“And further, with the abandoning of pleasure & pain—as with the earlier disappearance of elation & distress—(the monk) enters & remains in the fourth jhāna: purity of equanimity & mindfulness, neither pleasure nor pain. He sits, permeating the body with a pure, bright awareness. Just as if a man were sitting covered from head to foot with a white cloth so that there would be no part of his body to which the white cloth did not extend; even so, the monk sits, permeating the body with a pure, bright awareness. There is nothing of his entire body unpervaded by pure, bright awareness.”
From this state it is possible to develop the discernment that not only cuts away existing defilements but also uproots any potential for them to ever arise again. Only in the stages of awakening that follow on those acts of discernment would “consciousness without surface” be realized.[5]

Some Pali commentaries interpret the term pabhasarra in the above passage as being equivalent to the term bhavanga-citta. Thanissaro Bhikkhu finds this explanation unsatisfactory, noting that "there is no reference to the bhavaṅga-citta or the mental stream in any of the suttas."[5]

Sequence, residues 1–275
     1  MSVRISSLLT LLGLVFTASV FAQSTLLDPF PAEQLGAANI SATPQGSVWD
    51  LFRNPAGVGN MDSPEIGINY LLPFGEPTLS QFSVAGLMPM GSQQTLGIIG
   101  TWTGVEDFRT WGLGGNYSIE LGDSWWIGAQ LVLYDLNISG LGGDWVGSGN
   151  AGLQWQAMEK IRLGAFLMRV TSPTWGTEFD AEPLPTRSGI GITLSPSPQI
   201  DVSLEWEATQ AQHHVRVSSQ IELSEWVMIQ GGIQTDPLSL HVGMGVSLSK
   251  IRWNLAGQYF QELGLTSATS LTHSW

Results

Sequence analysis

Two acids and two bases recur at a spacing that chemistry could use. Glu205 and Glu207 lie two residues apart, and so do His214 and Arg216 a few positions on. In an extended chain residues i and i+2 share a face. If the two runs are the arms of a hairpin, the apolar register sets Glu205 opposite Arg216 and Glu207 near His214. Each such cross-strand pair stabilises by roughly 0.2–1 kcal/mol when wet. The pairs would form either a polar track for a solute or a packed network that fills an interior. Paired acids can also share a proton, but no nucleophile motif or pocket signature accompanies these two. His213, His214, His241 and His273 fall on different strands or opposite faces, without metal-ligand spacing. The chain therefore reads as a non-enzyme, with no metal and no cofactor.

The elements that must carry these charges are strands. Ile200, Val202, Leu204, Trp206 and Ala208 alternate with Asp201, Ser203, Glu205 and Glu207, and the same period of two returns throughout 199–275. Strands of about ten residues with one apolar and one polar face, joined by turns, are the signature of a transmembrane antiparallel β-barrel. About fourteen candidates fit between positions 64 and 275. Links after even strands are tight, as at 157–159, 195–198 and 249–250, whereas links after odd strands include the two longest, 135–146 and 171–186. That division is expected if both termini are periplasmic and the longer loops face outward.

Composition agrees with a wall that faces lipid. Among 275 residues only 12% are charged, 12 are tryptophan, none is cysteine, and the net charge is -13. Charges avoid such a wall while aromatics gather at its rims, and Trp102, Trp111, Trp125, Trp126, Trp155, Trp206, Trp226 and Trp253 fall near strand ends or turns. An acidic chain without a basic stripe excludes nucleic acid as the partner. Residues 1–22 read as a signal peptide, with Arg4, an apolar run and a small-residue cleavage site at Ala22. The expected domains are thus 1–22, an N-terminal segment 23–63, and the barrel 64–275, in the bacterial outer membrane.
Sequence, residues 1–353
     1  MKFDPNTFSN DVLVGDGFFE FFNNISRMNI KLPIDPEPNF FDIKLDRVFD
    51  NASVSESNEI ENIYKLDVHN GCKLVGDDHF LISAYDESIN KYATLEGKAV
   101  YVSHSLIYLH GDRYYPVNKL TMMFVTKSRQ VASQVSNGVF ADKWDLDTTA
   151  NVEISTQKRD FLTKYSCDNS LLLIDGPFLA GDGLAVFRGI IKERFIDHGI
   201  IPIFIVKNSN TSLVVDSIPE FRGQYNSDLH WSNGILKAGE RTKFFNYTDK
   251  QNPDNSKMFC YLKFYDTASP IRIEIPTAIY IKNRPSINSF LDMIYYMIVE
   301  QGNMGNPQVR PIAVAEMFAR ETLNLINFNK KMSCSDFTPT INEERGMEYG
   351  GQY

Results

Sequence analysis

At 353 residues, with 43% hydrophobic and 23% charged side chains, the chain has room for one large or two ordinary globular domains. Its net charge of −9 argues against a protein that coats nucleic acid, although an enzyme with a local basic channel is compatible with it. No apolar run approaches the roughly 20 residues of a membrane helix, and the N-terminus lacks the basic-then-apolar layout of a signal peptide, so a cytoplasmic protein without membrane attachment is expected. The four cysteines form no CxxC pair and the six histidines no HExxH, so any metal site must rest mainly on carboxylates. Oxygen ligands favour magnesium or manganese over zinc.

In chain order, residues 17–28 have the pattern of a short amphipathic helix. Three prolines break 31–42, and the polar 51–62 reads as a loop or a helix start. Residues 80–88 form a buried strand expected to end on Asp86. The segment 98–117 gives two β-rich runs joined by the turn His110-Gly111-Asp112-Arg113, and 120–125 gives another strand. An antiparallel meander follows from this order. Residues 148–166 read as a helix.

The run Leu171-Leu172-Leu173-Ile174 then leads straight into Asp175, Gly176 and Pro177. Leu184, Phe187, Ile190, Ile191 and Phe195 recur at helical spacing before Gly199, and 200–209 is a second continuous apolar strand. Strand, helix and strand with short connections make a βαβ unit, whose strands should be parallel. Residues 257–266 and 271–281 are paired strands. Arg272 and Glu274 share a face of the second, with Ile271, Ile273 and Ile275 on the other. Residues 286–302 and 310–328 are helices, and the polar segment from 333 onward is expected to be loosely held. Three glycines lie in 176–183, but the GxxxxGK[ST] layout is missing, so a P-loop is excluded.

Like the sun obscured by clouds

Thai teacher Ajahn Mun states:

The mind is something more radiant (pabhasarra) than anything else can be, but because counterfeits – passing defilements – come and obscure it, it loses its radiance, like the sun when obscured by clouds. Don’t go thinking that the sun goes after the clouds. Instead, the clouds come drifting along and obscure the sun.
So meditators, when they know in this manner, should do away with these counterfeits by analyzing them shrewdly... When they develop the mind to the stage of the primal mind, this will mean that all counterfeits are destroyed, or rather, counterfeit things won’t be able to reach into the primal mind, because the bridge making the connection will have been destroyed. Even though the mind may then still have to come into contact with the preoccupations of the world, its contact will be like that of a bead of water rolling over a lotus leaf.[6][7]

Sanskrit tradition


The Perfection of Wisdom in 8000 Lines (Aṣṭasāhasrikā prajñāpāramitā) states:

The mind is devoid of mind,
For the nature of mind is luminous.[8]